Where’d the Idea for Ship 30 for 30 Come From?

Ship 30 for 30 is a cohort-based writing course that teaches the fundamentals of writing online. Inside, students commit to writing 250 words a day to publish online.

Dickie said the idea started out as a selfish endeavor for himself. He wanted to start writing every day but realized that he could not do it alone.

So, he tweeted out to his audience at the time that he wanted to write every day for 30-days, and asked if anyone would like to do it along with him.

“The response was just overwhelming,” Dickie told me.

Dickie set up a landing page using TypeForm and a Slack channel, and a few days later he had a group of people with the same goal – to write every day for 30 days.

He set an entry price of $50 and said he would return it when someone completes the 30 days. Dickie said he did this to make sure people had ”some skin in the game” and would not just sign up and forget about it.

By setting creative boundaries, such as writing at least 250 words in an hour every day, Dickie said it removed a lot of the friction that was holding him back beforehand.

He became a lot more productive, as did the other cohorts who were in the slack channel with him. This was when Dickie realized he was on to something.

“The Internet guarantees that if you solve your own problem, there are thousands of other people, probably hundreds of thousands with that same problem that you can easily find,” Dickie explained.

Dickie also said that Twitter is the best place to find these people, which is why he’s been able to build his business on the platform.

The Benefits of Cohort-Based vs Evergreen

The cohort-based approach Dickie took is very different from the typical evergreen, on-demand type of product.

Dickie said he opted for this approach because the social responsibility that comes from being surrounded by people with the same goals is a powerful driver.

“You need other people doing it with you, otherwise it’s too easy to quit,” Dickie told me.

Pricing Ship 30 for 30

Dickie has come a long way from charging $50 and giving that back when someone finishes the writing challenge. His pricing has gradually increased from $50, to $150, to $250, and the latest round cost $450.

This pricing reflects how he’s built out his course. It’s no longer a Slack channel, it’s an immersive cohort-based course with 8 live sessions, and more than 20 hours of recorded video content. Dickie said he still thinks it’s underpriced compared to what’s out there.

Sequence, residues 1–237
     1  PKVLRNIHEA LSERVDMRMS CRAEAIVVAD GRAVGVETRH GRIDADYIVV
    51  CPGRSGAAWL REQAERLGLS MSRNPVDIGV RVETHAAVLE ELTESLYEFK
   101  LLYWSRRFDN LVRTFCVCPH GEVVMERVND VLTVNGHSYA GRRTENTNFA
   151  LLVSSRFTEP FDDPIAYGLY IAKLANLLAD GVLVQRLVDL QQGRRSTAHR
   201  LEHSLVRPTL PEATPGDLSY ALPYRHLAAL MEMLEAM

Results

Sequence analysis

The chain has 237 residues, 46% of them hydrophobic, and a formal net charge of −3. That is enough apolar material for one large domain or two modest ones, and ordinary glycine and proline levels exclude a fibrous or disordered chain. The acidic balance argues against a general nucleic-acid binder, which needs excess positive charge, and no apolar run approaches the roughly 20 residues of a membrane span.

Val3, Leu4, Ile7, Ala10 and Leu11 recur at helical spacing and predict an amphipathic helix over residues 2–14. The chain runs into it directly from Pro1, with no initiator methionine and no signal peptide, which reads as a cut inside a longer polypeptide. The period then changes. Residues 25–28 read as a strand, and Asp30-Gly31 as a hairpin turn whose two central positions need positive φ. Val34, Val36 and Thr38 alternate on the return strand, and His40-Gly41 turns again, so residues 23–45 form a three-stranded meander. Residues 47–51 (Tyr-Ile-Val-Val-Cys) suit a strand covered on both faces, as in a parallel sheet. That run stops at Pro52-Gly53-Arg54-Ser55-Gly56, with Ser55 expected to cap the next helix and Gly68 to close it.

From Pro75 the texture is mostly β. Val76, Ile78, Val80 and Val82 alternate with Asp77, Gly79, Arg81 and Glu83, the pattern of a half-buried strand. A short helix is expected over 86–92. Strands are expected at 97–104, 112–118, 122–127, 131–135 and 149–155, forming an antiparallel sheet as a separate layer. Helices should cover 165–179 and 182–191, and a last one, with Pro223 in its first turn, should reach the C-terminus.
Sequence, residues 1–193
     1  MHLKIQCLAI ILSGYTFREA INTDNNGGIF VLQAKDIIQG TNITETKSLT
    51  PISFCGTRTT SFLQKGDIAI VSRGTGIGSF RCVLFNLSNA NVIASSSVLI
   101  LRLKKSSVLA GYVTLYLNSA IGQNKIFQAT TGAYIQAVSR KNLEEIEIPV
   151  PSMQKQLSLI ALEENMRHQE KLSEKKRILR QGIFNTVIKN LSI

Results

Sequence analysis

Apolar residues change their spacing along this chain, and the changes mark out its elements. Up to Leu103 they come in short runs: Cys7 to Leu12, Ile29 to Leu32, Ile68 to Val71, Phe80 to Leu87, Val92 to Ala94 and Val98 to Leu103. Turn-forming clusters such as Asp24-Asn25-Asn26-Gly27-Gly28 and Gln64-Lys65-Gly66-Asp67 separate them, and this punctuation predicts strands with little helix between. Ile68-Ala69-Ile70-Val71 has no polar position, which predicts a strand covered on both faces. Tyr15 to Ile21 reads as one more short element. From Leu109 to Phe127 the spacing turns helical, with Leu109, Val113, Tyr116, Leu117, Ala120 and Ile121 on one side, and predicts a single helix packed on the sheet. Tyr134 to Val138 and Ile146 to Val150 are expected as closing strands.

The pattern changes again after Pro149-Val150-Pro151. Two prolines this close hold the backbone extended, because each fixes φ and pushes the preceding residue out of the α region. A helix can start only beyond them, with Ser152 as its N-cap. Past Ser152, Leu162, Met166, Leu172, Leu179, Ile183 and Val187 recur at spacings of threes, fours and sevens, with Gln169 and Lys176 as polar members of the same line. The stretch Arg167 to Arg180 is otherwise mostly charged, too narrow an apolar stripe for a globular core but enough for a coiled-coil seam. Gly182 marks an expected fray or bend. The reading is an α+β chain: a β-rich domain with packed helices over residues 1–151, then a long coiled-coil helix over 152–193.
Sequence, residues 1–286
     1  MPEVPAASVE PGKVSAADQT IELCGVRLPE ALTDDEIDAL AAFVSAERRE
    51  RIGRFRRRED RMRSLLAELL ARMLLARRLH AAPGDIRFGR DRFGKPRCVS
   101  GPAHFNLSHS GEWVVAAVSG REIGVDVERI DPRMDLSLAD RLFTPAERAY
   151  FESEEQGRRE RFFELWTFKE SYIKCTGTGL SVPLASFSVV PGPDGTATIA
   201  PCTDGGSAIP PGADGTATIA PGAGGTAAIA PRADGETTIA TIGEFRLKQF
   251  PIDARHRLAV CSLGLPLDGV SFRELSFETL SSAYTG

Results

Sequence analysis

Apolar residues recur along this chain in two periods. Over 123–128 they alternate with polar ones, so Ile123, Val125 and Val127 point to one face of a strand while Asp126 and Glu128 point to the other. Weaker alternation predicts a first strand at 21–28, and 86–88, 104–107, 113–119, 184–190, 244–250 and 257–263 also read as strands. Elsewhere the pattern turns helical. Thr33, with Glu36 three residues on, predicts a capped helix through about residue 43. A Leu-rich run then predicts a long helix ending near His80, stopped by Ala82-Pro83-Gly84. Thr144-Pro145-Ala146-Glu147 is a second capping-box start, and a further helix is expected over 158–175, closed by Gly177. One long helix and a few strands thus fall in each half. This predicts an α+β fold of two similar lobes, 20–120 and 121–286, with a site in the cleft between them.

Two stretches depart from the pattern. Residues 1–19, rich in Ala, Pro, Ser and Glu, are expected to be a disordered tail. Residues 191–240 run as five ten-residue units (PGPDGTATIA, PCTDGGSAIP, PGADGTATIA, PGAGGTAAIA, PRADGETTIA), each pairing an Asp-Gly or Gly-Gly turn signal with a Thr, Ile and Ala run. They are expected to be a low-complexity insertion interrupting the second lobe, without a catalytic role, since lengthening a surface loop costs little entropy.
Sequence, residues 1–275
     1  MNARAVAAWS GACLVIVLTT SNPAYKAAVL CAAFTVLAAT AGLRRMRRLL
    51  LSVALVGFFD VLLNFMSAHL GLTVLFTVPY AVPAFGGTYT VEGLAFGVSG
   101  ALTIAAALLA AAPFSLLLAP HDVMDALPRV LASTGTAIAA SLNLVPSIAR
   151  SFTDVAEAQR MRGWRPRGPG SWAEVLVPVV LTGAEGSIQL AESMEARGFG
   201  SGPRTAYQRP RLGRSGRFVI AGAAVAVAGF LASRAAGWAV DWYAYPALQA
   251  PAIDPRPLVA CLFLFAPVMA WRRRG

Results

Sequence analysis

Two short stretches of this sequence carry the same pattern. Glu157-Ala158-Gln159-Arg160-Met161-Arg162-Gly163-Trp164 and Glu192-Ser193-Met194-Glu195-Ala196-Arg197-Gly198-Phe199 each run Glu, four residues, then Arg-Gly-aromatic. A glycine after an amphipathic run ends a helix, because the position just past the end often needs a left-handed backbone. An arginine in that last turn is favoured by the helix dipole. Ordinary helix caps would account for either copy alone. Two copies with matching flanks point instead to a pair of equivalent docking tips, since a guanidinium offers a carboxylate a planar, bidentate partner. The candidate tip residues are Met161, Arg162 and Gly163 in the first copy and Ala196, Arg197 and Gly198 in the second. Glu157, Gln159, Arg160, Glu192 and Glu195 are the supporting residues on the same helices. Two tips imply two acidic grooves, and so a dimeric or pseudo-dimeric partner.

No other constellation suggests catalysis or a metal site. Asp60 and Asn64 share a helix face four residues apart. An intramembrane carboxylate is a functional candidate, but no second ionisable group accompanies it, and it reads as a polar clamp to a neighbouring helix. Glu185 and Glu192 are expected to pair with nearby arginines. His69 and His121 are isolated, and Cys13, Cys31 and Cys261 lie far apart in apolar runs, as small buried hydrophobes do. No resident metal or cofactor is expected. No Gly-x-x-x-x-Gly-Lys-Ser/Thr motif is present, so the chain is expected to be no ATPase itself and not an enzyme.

He felt confident raising the price because the feedback he was getting from people who had completed the course was that it was so inexpensive.

Dickie said he likes charging $450 compared to thousands of dollars like some courses do as he knows his cohorts will be able to get value from their investment.

Selling and Marketing Ship 30 for 30

Dickie is always marketing his course and taking on new signups. However, he only opens up enrollment every 7 weeks.

Onboarding takes 1 week, the cohort writes for 30 days, then he takes 2 weeks off before starting a new cohort.

He primarily markets his course through his email list and his Twitter account. Dickie uses a call-to-action promoting his course at the end of a free 10-day email course he offers, as well as on some of his Twitter threads.

He also hosts webinars and throws a little bit of FOMO out there letting people know when the cut-off is to jump on the next enrollment.

What’s the Time Investment Like?

“What’s beautiful about it is that you have the community almost running itself at this point,” Dickie told me.

Dickie’s time investment at this point is marketing is course, and putting in the time writing along with his cohorts.

He has a Director of Community and a Director of Operations to help with the day-to-day running of the course. As well as a partner with who he splits time doing the 2 live sessions a week.

What’s Next?

Plans for the future revolve around improving and building on his course.

Dickie said around 1,200-1,300 people have been through his course at this point. He’s going to listen to them and ask what else he can do to bring them back for another cohort and add more value to future students.

Dickie’s #1 Tip for Side Hustle Nation

Get started before you’re ready.”

Links and Resources from this Episode